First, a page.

Today I completed the fifth and last interview with one of my participants. This means that I have been allowed to follow her, and like her a number of other women, for just around two years of their lives; a real privilege. Of course, as in other longitudinal research, not all my participants have been interested in this kind of commitment and the follow-ups from me.
Of the 31 participants who participated in the first interview it looks like around half will be following through over the two-year period. There are multiple potential reasons for why some chose to only take part in one or a few interviews. Some explicitly said that they were no longer interested when I contacted them again six months later. Some did not respond to my text messages and phone calls; something I took for a passive ‘no thank you’. And some phone numbers seemed to no longer be active. For some participants I had emails as a back-up contact but I had chosen to not collect social media details out of respect for the participants’ privacy. That obviously made me vulnerable to phone numbers that change or phones that get lost.
While I wish that more participants had stayed in the project – I would love to know if a particular young woman got the internship she talked about, and if another continued her path out of a post-natal depression – I am aware this is a big ask and that after a couple of interviews it feels too much or irrelevant. Or simply that there was too much other stuff going on in their lives. Other research has also shown how it can be challenging for participants to meet again if the ‘great plans’ did not turn out so well.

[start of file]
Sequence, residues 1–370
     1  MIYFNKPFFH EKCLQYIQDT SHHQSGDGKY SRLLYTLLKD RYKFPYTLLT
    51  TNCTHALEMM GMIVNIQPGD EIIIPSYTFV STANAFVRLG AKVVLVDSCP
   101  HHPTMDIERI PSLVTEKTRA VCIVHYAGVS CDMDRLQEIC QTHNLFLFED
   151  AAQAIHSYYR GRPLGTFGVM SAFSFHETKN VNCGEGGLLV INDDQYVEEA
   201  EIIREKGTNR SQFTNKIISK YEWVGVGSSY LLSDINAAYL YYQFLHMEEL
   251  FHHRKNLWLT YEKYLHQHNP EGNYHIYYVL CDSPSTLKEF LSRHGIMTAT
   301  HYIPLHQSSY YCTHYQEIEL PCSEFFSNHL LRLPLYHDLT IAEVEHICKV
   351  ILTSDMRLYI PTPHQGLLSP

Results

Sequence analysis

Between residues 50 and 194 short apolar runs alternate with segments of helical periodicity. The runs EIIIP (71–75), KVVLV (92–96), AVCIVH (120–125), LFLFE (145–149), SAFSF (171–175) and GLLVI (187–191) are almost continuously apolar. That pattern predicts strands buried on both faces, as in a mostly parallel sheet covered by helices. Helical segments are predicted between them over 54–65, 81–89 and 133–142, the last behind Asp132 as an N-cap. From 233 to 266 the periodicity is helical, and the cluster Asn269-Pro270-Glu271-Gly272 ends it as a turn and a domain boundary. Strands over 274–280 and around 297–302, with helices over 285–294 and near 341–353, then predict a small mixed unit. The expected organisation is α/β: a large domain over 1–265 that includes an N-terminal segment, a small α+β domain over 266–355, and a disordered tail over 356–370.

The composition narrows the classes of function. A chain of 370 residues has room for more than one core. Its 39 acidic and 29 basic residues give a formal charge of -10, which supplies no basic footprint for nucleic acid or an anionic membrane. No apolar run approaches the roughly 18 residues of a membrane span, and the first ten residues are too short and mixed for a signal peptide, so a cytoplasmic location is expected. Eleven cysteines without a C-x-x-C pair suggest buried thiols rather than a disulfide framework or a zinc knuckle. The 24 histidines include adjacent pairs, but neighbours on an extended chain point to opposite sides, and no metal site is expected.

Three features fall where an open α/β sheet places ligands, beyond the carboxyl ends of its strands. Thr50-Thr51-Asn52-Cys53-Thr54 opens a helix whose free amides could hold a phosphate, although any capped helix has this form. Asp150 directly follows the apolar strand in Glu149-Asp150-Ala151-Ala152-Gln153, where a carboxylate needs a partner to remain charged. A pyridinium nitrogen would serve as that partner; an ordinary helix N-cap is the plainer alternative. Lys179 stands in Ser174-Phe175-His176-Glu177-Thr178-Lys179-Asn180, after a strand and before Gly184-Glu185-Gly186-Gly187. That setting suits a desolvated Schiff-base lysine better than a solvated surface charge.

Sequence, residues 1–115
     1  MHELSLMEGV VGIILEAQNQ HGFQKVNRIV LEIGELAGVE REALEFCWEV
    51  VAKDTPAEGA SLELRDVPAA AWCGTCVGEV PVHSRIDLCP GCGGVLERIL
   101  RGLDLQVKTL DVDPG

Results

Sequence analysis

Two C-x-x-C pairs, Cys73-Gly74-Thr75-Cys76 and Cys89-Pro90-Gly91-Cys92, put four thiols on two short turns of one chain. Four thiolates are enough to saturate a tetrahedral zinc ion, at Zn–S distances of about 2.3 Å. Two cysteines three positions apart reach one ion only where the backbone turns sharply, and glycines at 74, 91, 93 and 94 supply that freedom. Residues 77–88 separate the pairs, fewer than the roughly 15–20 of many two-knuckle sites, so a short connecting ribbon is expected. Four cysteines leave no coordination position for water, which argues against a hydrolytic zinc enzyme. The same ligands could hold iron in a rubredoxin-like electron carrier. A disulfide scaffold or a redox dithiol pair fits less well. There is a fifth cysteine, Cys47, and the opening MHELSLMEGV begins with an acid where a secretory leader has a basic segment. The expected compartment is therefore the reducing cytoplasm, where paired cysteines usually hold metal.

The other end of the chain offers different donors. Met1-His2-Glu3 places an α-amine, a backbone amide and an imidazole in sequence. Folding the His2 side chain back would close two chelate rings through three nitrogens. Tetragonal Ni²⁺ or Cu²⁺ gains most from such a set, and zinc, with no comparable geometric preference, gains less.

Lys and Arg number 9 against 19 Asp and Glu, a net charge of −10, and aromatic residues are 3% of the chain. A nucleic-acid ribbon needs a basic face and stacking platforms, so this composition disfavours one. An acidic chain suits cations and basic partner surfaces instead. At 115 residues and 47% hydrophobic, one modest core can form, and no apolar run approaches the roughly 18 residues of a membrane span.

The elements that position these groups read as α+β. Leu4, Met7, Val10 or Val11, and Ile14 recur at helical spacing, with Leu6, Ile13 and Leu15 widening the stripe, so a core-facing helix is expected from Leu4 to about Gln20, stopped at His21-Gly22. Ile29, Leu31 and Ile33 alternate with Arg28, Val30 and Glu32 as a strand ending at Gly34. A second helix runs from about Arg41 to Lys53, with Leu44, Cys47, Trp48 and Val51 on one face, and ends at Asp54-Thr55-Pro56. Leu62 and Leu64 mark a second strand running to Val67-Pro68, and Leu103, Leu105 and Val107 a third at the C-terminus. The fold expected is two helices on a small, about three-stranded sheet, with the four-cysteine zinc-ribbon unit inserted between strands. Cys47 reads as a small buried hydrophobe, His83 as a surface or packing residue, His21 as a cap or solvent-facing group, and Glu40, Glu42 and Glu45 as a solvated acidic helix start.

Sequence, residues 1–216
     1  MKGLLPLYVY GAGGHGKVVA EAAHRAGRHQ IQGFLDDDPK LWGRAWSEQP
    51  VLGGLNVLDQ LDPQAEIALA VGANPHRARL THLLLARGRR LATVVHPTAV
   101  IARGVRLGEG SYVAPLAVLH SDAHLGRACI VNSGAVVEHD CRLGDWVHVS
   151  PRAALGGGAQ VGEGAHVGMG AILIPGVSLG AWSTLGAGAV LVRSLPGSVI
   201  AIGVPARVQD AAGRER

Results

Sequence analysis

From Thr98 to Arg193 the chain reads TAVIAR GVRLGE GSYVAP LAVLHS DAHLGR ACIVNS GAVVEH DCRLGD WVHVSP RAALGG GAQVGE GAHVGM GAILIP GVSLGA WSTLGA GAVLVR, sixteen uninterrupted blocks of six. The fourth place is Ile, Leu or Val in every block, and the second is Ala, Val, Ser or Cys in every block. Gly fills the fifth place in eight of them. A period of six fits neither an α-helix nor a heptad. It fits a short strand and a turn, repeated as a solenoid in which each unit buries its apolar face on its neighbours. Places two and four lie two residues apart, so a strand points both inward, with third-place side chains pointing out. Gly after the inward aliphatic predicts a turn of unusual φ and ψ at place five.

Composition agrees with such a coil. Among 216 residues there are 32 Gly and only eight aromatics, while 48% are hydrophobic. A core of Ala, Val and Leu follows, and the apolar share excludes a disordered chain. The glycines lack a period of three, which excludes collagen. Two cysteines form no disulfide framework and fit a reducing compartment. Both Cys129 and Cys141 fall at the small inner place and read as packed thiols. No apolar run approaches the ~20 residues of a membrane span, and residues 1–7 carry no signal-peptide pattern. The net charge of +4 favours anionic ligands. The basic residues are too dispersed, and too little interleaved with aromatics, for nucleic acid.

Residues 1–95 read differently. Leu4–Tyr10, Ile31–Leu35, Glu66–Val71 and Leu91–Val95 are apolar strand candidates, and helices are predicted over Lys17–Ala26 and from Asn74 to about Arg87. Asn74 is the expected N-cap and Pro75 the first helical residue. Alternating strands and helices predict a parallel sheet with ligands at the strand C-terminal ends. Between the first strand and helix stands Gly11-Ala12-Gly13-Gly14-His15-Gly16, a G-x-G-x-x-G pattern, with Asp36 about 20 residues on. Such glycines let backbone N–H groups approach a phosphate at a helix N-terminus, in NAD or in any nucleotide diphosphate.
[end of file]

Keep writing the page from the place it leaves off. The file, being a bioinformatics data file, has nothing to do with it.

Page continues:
For most of the young women who participated over a period of time, this has included various ups and downs. Their professional lives have seen difficulties such as struggles finding work or having doubts about one’s studies, but also positive highlights such as completing a qualification or feeling successful at work.
In their private lives, two characteristics dominate. One is unstable accommodation. Many have moved multiple times since the first time I met them; a pattern that is draining and creates instability. A second characteristic that many of these participants share is mental health problems. These take multiple shapes and have their own cycles, meaning that I have met with them during both good and difficult times.
For my participant today, as for most of the young women in the study, the professional and private spheres interact. Her mental health problems have meant that she had to give up on completing the programme she was studying, much to her own disappointment. Others have told about how applying for jobs or turning up to a job interview is more than a challenge when they are not feeling well. While some are in regular contact with therapists, psychiatrists or other mental health professionals, others seem to have difficulties accessing proper support.
While I still have a number of interviews to go, there are many mixed feelings involved in finishing these interviews and saying thank you to the participants for their commitment throughout the project. It is sad to say goodbye as I feel like I have come to know them fairly well – while of course being aware that I am presented with a very specific view into their lives, and that my participants have probably taken up a bigger role in my life than I have in theirs. They have been speaking openly about difficult and sensitive experiences and it is daunting to consider what I now have to do to make it worth their time and effort.